|Mets owner Fred Wilpon (left), here with Sandy Koufax, was in court Monday. (AP)|
NEW YORK -- The New York Mets owners and a trustee for Bernard Madoff's fraud victims settled Monday for $162 million in a case aimed at repairing the damage from a massive investment scheme.
The Mets owners will not pay anything for three years.
Jury selection had been set to begin in a civil trial to determine how much the team owners will owe other investors who trusted their money to Madoff, who cheated thousands of investors of roughly $20 billion over at least two decades.
Trustee Irving Picard had argued the team owners knew that Madoff's corrupt investment scheme was a fraud but continued their investments anyway because they were making a lot of money. Lawyers for the owners insist their clients had no idea the investments were a sham.
Both Fred Wilpon and Saul Katz, principal Mets owners, were in court Monday at the defense table.
"Now I guess I can smile. ... Maybe I can take a day off," Wilpon said.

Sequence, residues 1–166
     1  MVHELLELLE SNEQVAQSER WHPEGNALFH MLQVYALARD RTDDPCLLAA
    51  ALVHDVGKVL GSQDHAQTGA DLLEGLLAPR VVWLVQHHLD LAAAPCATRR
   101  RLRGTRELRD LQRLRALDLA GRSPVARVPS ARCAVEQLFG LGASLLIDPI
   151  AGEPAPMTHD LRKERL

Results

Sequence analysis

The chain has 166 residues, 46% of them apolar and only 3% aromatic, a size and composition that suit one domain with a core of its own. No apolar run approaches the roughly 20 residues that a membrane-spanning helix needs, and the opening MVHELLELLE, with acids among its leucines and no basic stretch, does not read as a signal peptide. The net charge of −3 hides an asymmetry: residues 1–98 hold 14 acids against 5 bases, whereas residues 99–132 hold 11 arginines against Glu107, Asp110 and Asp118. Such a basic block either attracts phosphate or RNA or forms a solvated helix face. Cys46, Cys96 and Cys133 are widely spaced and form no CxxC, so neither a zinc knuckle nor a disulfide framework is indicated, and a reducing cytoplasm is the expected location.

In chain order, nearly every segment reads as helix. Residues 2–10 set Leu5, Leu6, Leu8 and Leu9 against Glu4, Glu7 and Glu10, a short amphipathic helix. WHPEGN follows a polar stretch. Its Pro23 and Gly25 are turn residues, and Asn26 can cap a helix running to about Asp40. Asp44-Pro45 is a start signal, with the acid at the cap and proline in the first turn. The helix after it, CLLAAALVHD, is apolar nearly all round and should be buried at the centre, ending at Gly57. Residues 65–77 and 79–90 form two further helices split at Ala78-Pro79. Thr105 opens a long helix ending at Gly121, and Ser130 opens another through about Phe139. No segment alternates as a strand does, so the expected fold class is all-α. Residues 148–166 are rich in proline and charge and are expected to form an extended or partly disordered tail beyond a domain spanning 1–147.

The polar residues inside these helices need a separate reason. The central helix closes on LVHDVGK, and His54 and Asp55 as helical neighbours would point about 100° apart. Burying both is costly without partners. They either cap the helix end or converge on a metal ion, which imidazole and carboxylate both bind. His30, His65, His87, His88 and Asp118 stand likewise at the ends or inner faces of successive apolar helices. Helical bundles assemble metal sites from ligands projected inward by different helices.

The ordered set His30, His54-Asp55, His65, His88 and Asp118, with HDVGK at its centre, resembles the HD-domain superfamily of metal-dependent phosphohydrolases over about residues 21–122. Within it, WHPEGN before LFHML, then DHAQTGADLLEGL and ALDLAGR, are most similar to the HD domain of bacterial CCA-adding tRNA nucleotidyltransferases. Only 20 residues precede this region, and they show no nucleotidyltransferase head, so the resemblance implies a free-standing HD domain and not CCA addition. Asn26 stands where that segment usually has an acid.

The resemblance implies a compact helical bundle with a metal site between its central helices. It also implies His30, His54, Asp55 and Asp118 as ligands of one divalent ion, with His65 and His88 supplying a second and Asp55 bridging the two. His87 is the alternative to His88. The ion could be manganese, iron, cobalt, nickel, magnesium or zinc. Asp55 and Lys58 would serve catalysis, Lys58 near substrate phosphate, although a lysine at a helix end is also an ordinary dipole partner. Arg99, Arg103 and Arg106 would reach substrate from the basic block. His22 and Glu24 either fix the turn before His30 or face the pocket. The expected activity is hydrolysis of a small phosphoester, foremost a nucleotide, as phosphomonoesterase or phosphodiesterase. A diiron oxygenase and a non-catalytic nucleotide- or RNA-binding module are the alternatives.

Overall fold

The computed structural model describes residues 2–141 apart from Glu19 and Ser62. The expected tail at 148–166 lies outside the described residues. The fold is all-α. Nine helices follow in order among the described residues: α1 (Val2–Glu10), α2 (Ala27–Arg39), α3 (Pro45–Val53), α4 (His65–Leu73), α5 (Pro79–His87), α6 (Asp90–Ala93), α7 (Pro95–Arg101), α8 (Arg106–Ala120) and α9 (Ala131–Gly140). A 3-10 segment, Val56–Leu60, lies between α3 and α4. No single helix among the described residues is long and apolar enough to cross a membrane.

Judge Jed Rakoff said Picard had reviewed the evidence and will no longer pursue a claim of "willful blindness" against the defendants.
"I am very, very pleased for ourselves and our families. This was really a team effort," Wilpon said as he left the courthouse.
"We are not willfully blind... We acted in good faith," he said. He said he was going to Florida Tuesday to resume work at "trying to bring the New York Mets back to prominence." Asked if the Mets will have to raise any more money through other investors and he said: "We'll address that."
Katz said he was "very pleased to have this behind us." He said outside the courthouse that the Mets were on secure financial footing. "Always was," he said.
David J. Sheehan, the lawyer for trustee Irving Picard, said outside court that the settlement enables the Mets owners to try to recover the $162 million through the efforts Picard makes to recover $178 million in claims the Mets owners have made against the Madoff estate. "In a sense, we're now partners."
Rakoff already had ruled the team's owners must pay up to $83.3 million in profits they received from Madoff.
But another ruling blocked Picard from trying to collect the full $1 billion he sought to recoup. He has filed hundreds of lawsuits to force those who profited from their investment to pay into a fund for Madoff's victims.
Dodgers Hall of Fame pitcher Sandy Koufax had been scheduled to testify in the trial about Wilpon's intentions. Koufax invested in Madoff's private investment business at Wilpon's recommendation.
"Although this is something of an anticlimax, it is always helpful and positive when the parties are mutually able to resolve their dispute," Rakoff said.